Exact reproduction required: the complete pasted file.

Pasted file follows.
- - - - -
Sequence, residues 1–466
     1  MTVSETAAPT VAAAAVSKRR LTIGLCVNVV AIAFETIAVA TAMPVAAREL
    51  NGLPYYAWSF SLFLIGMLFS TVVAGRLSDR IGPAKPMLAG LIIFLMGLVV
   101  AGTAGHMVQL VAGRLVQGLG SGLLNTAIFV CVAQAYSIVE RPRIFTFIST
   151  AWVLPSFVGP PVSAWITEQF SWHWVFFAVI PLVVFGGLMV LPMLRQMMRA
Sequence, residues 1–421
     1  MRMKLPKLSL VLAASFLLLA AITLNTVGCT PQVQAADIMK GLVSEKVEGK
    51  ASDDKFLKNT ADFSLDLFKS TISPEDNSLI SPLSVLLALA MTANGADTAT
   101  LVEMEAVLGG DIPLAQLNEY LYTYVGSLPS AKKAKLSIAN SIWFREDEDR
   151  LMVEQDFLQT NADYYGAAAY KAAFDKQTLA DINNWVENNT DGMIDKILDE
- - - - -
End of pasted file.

Sequence, residues 1–466
     1  MTVSETAAPT VAAAAVSKRR LTIGLCVNVV AIAFETIAVA TAMPVAAREL
    51  NGLPYYAWSF SLFLIGMLFS TVVAGRLSDR IGPAKPMLAG LIIFLMGLVV
   101  AGTAGHMVQL VAGRLVQGLG SGLLNTAIFV CVAQAYSIVE RPRIFTFIST
   151  AWVLPSFVGP PVSAWITEQF SWHWVFFAVI PLVVFGGLMV LPMLRQMMRA
Sequence, residues 1–421
     1  MRMKLPKLSL VLAASFLLLA AITLNTVGCT PQVQAADIMK GLVSEKVEGK
    51  ASDDKFLKNT ADFSLDLFKS TISPEDNSLI SPLSVLLALA MTANGADTAT
   101  LVEMEAVLGG DIPLAQLNEY LYTYVGSLPS AKKAKLSIAN SIWFREDEDR
   151  LMVEQDFLQT NADYYGAAAY KAAFDKQTLA DINNWVENNT DGMIDKILDE